Melton man celebrates turning 100 with memories of steam trains and wartime

Leslie Posnett shows off the card he received from The Queen to mark his 100th birthday EMN-200601-185337001
Leslie Posnett shows off the card he received from The Queen to mark his 100th birthday EMN-200601-185337001
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He vividly remembers travelling on steam trains from his Frisby home to go to school in Melton.

His memories also contain clear recollections of his service in the Second World War, repairing airfield runways during the Battle of Britain before helping the Allies advance into Germany.

Leslie P:osnett pictured in 1941 when he served in the Second World War with the Royal Engineers EMN-200601-185348001

Leslie P:osnett pictured in 1941 when he served in the Second World War with the Royal Engineers EMN-200601-185348001

And Leslie Posnett has now received a special card from The Queen in celebration of his 100th birthday.

He has led quite a life and is now enjoying living at the Gretton Court residential home in Melton.

After enjoying a party with family and friends and another with fellow residents, he considered why he had lived so long: “I suppose I’ve never drunk alcohol or smoked and I’ve lived a very mixed life with lots of different interests.”

Born on December 27, 1919, just a year after the end of The Great War, Leslie grew up in Frisby with a brother and a sister - his father, Fred, was a painter and decorator and worked on the maintenance team at Holwell Works while his mother, Mabel, was a tailoress making dresses at a Leicester shop before having her children.

Leslie Posnett cuts his Scrabble-themed 100th birthday cake at a party at Gretton Court EMN-200601-185358001

Leslie Posnett cuts his Scrabble-themed 100th birthday cake at a party at Gretton Court EMN-200601-185358001

“I attended the village school and then went to the boys’ school in Melton, which is now Brownlow School, when I was 11,” he recalled.

“I caught a steam train every morning at 8.20 - the trains were very good in those days and most villages had a station.

“We used slates back then to write on in class. You had a pencil and scratched the answers on your slate.”

He remembers Melton as a very different place during the 1920s and 1930s: “There were strings of horses being exercised in the town, either from the Remount Depot or the local hunts.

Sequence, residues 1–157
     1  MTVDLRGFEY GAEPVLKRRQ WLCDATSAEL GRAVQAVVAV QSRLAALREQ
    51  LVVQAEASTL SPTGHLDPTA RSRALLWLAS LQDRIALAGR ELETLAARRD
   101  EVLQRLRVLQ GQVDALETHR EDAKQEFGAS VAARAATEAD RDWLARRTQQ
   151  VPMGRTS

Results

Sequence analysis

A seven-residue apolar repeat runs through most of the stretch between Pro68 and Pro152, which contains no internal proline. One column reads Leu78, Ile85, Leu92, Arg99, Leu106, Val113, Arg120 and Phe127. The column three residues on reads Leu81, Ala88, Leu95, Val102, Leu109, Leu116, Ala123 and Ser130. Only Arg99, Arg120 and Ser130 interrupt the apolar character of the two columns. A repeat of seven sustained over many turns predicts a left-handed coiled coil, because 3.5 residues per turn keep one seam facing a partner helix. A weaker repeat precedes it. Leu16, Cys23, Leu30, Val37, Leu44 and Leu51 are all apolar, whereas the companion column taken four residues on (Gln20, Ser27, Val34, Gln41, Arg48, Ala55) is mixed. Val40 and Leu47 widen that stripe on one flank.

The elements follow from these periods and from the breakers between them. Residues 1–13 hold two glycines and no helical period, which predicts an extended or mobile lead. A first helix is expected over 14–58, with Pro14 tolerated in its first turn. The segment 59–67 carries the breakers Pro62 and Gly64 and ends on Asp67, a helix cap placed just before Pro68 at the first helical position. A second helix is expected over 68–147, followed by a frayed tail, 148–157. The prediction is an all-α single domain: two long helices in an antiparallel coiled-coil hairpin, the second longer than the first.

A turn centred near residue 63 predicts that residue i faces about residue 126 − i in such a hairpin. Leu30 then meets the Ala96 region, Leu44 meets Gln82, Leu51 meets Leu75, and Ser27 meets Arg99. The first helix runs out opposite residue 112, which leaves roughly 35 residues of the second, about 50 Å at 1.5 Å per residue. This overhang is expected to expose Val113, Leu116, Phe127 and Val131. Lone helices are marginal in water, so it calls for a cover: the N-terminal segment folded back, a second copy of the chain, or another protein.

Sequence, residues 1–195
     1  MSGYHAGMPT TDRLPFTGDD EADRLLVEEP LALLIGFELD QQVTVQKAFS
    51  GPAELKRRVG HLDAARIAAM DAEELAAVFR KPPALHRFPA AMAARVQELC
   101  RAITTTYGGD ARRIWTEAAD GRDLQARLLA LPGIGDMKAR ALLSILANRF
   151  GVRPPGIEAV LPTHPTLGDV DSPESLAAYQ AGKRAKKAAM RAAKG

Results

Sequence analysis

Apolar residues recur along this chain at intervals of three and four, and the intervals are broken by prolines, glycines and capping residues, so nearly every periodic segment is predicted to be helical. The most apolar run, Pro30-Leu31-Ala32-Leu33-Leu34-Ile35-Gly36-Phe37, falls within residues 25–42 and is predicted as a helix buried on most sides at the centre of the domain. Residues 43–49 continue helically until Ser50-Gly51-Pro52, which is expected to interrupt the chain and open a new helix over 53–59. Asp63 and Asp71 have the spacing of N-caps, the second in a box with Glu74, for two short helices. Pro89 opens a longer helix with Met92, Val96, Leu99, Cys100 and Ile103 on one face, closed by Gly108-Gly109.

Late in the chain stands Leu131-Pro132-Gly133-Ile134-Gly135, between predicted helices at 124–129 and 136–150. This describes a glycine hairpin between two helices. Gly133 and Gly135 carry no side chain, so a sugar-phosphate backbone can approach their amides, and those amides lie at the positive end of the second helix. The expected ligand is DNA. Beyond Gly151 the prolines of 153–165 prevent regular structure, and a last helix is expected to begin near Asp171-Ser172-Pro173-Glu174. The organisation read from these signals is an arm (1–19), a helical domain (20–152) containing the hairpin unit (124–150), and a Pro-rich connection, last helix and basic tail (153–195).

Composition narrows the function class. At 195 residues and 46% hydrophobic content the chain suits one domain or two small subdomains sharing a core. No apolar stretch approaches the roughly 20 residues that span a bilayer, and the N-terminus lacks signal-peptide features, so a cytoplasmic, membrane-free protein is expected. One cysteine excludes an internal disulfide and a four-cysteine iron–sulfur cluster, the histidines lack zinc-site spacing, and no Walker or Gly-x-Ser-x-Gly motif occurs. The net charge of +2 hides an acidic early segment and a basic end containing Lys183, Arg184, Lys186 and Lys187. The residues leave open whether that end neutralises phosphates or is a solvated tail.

“There were numerous horses everywhere and the sheep used to be driven through the town centre on market days.”

Leslie left school at 14 and became an apprentice joiner with Boulton and Paul before working for town builder, Denman’s, on housebuilding.

But after the outbreak of the Second World War, he volunteered to join the Royal Engineers shortly before his 20th birthday, working initially on arfield construction work in northern France.

“A month after joining up we were in our uniforms and on a boat out to France,” he said.

“I wanted to do my bit because my father had served in the First World War with military bands in France.

“It wasn’t long before the Germans staged a big attack and we were posted back to England.”

As the Luftwaffe began its offensive on Britain in 1940, Leslie and his colleagues were carrying out important work on airfields in the south of England repairing and maintaining runways.

He watched dogfights in the skies above him as Spitfires and Hurricanes locked horns with Hitler’s fighter planes.

“We didn’t know which way it was all going to go at that stage and it was touch and go,” recalled Leslie.

“The worst part was seeing the planes taking off and then seeing some coming back with problems and often with two or three aircraft missing.”

He was posted to Algeria in 1942 and as a member of the 1st Army he joined up with General Montgomery’s 8th Army during the push through Africa.

While he was there, Leslie got the devastating news that his brother, Hedley, had been killed while serving in Tunisia - his Red Cross truck had taken a direct hit.

He also served in Siciliy and on mainland Italy, when he got the ‘posting of a lifetime’ as part of the garrison engineers battalion in Rome.

Leslie, who was billeted near Hamburg when the war ended, got married within a couple of months of returning home.

He had met Peggy before the war when they both attended services at Melton’s Sage Cross Methodist Church but had not seen her or members of his family for three years.

The couple, who sadly lost two babies, had two daughters - Christine (69), who lives in Canada, and Jacqueline (57), a Cambridgeshire resident.

After the war, Leslie worked as a maintenance foreman at Pera in Nottingham Road and later in life enjoyed painting as a hobby.

Peggy passed away six months after the couple celebrated their 70th wedding anniversary.

Now he enjoys regular games of Scrabble and chatting to fellow residents, including one who is even two years older than him, as well as attending weekly services at Sage Cross.

Leslie, who also has two grandchildren added: “I feel very fortunate that I was able to enjoy 70 years of marriage and that I have lived to be 100.”